Call for Papers
II. International Conference
ERC Project “JudgingHistories: Experience, Judgement, and Representation of World War II in an Age of Globalization”
Professor Dan Diner, Principal Investigator
A War of Wars –
The Year 1942 and the Semantics of Distinction
June 13-15, 2017
The Hebrew University of Jerusalem, Mt. Scopus
WWII is a historical event involving armed conflicts of diverse intensity and significance in different theaters of war. The war in Europe erupted in September 1, 1939 with the German invasion of Poland. In East Asia another date might be chosen as the starting point of the event: The so-called Mukden Incident provoked by the Japanese Army on September 18, 1931, followed some years later by the outbreak of the “Second Sino-Japanese War”. The German onslaught on Western Europe, culminating in the fall of France in May-June 1940, indicates by its conduct, as well as by the ritual symbols of defeat, a war of continuity and of revenge according to the chain of Franco-German wars, and especially of WWI. With the assault of Nazi Germany on the Soviet Union in June 1941, the war took a distinctive turn into the direction of a war based on ideological convictions (Weltanschauungskrieg) – a war of annihilation. And with the Japanese strike on Pearl Harbor in December 1941, and the outset of the Pacific War, the different theaters, or more accurate: the different wars merged into an all-encompassing world war.
Against this historical background we intend to explore the fateful year of 1942, the year of the fatal divide between the lightening advances of the Axis powers and the turning point of Allied success, bringing that advance to a halt. The central theme to be addressed by the conference combines history of events with the history of historical semantics. The history of events will focus on the year 1942 while scrutinizing into history proper. The history of historical semantics seeks to shed light on the consciousness and perception of different peoples and factions among them – most particularly of those collectives who were at best ambivalent or still undecided to take sides in the struggle between Axis and Allies. On the continent those countries are of interest, which were leaning to the Axis, however fought their own war – Finland for example. In the colonies public opinion might have been torn between those who, fought their imperial masters, however represented fascist and dictatorial prospects. That might have been the case in South-Asia, as well as in the Near- and Middle East.
With the year 1942 in focus we invite scholars to present papers addressing the following questions: The year 1942 and the changing perception of the war
- in Asia, after the Battle of Singapore and before the Battle of Midway
- in the Near and Middle East before the Battle of El Alamein up to the landing of the Allies in North Africa,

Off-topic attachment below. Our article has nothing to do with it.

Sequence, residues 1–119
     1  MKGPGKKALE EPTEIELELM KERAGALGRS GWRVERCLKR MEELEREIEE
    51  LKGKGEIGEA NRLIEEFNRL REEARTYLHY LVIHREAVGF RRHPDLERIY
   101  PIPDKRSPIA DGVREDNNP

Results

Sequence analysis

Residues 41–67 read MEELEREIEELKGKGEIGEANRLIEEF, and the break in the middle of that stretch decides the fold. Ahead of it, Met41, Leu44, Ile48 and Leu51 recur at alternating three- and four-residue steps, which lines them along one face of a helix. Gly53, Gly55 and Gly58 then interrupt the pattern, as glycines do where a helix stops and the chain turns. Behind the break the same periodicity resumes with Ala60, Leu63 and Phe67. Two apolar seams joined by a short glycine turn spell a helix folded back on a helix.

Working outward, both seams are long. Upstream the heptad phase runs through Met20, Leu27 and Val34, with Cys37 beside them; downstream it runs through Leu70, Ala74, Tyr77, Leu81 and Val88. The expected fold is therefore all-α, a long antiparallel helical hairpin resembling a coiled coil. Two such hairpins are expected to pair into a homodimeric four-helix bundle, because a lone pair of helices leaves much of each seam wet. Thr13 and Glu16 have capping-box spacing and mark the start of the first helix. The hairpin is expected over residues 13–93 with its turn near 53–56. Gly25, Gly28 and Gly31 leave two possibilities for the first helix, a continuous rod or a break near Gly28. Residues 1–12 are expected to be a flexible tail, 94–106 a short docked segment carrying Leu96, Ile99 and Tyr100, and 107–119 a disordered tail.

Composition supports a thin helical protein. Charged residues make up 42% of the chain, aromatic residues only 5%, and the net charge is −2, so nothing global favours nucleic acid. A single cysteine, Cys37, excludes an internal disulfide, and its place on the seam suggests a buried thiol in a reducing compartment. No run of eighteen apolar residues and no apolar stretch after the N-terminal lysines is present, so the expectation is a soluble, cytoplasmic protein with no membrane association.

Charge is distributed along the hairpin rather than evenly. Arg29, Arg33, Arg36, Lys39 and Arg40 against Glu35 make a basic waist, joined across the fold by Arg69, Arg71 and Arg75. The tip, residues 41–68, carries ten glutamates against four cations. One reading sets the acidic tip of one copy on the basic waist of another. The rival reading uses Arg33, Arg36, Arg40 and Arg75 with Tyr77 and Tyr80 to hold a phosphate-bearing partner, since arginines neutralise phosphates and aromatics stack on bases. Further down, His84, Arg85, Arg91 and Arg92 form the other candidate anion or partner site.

- the ambivalence towards democratic, yet simultaneously colonial powers
- the changing perception of the war in Europe before and after the pivotal event of the Battle of Stalingrad.
Conjoined with the history of the pivotal year 1942 are the semantics and nomenclatures of the war, highlighting its meaning at the backdrop of different historical perceptions and memories
- the entanglement of the “Second Sino-Japanese War,” with the “Pacific War” and the history of their denominations
- the meaning and historical sounding board of naming – “Barbarossa,” “Great Patriotic War,” “Unconditional Surrender”, “Crusade for Freedom”, to name just a few
- the Finnish-Soviet “Winter War of 1939/40,” and the so-called “Continuation War” (‘jatkosota,’ of 25 June 1941 – 19 September 1944)
- the emergence and the dissemination of the designation “WWII” (Second World War) in the different political cultures of the participants and, particularly, the implied endurance of two wars, alluded to as the First and the Second World War’, apparently creating causal nexus.
Please send paper proposals and a short CV to firstname.lastname@example.org. Deadline for proposal submission is November 30, 2016. The proposal should state your main argument, not exceeding one page.
Suitable participants will be contacted and will be kindly asked to provide a version of their paper (not exceeding 8 pages) by May 25, 2017. The papers will be circulated among all participants two weeks before the beginning of the conference. In order to enable a fruitful discussion, the presentations should not exceed 20 minutes.
Travel costs (economy) and the costs of accommodation in Jerusalem (3 nights) will be covered for all conference participants from abroad.
With best wishes,
Lutz Fiedler and Jonathan Matthews
ERC Project “JudgingHistories”
ERC Project - JudgingHistories
The Faculty of Humanities
The Hebrew University of Jerusalem
Mt. Scopus, Jerusalem 9190501, Israel